A simple handshake helped a Maine outfitter and a farmer from Ohio shorten their bucket lists in 2020.
It's impossible to say who got the better end of the deal, the man who took home a brace of record-book whitetails, the one who felled a truly world-class black bear, or the taxidermists who earned one or more truck payments. None of this would've happened had Steve Scanlin not yearned for a change of scenery and a chance at a deer as big in antler as it was in body.
Steve and his wife, Belinda, went off the grid 11 years ago to launch Black Hat Hunting, an outfitting service 17 miles west of Maine's Mt. Katahdin.
"We live on and manage 9,000 acres of privately owned property used for recreational hunts. We also operate a campground in the heart of the property," Steve told Duncan Dobie, who's writing the story for Rack magazine.
Since 2017, the 42-year-old retired marine has taken a break from guiding others in order to hunt for himself. His first quest for a change of scenery and a chance at a world-class whitetail took him to public land in the Buckeye State.
A friend and fellow Marine introduced him to Logan Harrigan, an Ohio farmer, and the two became instant buddies. The guys wound up striking a deal, a Maine black bear for a top-heavy Ohio whitetail.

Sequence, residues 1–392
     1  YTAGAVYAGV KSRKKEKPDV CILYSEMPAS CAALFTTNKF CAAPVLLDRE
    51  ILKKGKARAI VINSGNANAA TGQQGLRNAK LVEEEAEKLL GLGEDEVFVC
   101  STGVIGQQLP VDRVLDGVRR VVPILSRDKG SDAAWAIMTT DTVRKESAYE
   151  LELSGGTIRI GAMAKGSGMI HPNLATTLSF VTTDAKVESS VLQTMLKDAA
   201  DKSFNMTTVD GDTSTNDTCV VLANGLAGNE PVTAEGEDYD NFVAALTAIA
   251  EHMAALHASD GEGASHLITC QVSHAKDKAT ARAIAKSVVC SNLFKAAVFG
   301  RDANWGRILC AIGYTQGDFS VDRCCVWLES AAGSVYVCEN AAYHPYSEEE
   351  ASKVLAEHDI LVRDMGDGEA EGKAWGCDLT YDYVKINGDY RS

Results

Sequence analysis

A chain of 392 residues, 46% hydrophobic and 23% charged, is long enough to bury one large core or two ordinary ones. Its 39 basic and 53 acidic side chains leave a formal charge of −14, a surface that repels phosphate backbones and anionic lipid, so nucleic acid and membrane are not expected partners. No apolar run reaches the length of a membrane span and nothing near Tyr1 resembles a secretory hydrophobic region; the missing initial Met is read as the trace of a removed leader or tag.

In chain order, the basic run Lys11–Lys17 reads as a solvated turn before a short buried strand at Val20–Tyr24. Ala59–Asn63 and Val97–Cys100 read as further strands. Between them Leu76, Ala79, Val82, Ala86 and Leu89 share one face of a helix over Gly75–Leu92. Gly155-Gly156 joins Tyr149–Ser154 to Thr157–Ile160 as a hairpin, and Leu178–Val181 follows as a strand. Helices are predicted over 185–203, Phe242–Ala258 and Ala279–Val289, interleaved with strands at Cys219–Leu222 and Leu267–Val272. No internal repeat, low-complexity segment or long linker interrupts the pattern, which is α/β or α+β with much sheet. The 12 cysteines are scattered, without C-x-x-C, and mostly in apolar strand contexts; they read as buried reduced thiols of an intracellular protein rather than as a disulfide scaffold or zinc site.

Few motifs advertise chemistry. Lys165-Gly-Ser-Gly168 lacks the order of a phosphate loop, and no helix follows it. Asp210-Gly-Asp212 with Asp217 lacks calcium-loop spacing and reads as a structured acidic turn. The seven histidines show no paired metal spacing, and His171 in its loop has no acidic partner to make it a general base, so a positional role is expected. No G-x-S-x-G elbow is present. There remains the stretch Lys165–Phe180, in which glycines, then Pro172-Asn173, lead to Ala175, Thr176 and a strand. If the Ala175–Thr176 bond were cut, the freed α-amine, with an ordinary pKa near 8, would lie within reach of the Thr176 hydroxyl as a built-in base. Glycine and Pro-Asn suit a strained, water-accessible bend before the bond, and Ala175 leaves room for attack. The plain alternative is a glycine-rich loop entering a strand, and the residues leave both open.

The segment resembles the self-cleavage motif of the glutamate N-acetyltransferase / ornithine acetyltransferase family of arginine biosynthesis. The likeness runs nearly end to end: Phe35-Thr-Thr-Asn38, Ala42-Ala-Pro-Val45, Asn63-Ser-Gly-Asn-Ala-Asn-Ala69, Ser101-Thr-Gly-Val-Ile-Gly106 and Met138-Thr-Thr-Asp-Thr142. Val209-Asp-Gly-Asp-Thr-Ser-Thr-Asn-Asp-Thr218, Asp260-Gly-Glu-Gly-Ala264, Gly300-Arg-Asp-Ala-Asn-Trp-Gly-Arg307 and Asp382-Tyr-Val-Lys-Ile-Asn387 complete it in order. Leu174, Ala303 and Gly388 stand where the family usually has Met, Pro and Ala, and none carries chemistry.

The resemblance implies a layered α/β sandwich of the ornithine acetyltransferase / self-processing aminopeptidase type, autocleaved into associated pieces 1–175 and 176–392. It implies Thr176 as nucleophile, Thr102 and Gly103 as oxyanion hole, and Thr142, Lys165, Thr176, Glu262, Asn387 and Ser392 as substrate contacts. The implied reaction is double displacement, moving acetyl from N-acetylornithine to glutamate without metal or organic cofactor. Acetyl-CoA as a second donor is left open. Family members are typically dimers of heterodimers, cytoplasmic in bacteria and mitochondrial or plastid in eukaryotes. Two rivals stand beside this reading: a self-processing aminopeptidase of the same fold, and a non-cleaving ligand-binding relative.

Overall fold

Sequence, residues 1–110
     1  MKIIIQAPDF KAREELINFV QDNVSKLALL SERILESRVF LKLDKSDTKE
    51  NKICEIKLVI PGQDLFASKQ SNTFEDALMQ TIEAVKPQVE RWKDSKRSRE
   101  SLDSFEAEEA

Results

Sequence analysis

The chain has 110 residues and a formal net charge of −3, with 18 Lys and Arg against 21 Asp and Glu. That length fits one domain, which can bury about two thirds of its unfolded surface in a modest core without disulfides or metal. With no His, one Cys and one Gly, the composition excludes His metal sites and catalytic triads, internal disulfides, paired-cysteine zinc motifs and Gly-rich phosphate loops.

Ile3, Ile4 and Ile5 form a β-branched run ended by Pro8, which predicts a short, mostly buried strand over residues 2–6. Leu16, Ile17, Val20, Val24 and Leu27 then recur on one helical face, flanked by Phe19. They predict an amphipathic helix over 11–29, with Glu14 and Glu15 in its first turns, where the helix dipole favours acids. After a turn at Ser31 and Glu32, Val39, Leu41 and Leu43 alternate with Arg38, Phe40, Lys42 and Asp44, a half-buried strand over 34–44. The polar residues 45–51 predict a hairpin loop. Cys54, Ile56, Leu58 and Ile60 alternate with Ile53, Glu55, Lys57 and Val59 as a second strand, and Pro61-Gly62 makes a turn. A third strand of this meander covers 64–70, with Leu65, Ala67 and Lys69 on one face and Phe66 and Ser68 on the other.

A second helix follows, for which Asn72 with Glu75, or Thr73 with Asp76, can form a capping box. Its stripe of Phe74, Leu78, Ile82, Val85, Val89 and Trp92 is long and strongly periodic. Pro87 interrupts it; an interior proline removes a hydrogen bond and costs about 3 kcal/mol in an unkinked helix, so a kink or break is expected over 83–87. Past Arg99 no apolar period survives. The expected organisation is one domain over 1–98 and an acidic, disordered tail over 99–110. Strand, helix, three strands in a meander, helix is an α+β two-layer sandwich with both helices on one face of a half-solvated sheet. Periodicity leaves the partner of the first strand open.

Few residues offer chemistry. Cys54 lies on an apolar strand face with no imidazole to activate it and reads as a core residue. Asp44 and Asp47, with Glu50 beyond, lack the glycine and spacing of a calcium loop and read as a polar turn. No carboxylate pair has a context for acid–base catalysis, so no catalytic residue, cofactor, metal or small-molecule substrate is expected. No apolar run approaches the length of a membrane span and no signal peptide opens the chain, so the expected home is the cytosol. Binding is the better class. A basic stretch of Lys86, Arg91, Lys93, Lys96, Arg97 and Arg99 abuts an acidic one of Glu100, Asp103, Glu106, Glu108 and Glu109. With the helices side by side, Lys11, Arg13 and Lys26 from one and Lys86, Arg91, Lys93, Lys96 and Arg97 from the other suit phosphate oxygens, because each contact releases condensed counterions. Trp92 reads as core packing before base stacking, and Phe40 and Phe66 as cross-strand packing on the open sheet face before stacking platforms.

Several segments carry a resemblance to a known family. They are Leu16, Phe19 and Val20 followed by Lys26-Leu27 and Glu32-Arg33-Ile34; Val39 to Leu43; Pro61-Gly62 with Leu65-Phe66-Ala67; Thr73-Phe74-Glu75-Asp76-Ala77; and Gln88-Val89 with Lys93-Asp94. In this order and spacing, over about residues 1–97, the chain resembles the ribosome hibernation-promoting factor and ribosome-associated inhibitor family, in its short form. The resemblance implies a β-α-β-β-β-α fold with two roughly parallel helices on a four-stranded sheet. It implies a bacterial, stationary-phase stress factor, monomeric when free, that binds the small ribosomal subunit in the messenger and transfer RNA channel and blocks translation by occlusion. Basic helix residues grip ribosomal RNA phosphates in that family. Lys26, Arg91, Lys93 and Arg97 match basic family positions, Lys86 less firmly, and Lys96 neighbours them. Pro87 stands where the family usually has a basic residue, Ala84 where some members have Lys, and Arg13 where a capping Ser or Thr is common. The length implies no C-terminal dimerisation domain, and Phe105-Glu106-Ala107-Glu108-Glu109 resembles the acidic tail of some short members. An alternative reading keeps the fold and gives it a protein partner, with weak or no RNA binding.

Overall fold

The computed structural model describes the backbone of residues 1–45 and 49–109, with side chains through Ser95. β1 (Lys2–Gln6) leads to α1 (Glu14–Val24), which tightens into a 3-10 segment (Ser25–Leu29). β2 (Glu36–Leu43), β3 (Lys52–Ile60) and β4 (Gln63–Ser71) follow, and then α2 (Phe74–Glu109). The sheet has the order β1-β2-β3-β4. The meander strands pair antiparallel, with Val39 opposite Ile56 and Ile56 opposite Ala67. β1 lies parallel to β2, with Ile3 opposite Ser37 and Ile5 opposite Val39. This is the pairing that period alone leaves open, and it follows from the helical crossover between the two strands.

The first couple of times Steve hunted with Logan were a bust, but seeing big deer beyond bow range inspired him to buy a crossbow. He also arranged a hunt for the late blackpowder season in January 2020.
Steve and a friend, Toby Hughes, arrived at Logan's place a few days early.
"Since we didn't have a lot to do and archery season was still in, we decided to go out and try to shoot a doe," he said. "We each put $10 in a kitty for whoever got a doe first. I went to a blind we had set up for my muzzleloader hunt on the edge of a cut cornfield. It must have taken me 10 minutes to walk across that field.
"Some cornfields in Ohio are bigger than most small towns in northern Maine!" he added.
Soon after getting inside his blind, Steve saw a doe and buck approaching, and he gladly forfeited his shot at winning the first-doe pot, a small price to pay for a 174-inch 9-pointer.
He bested that deer the following November by stalking to within 60 yards of a buck and two does bedded in a soybean field. A farmer operating a combine nearby proved to be the perfect distraction.
"(At 188 inches), my second Ohio buck was considerably larger than the first. It had a beautiful mainframe 7x7 rack with several small sticker points," Steve said.
The bear-for-buck deal worked out well for both guys that year. Steve wound up with nearly 360 inches of antler in two record-book bucks, and Logan felled an ancient Maine black bear that tipped the scales at a whopping 540 pounds.
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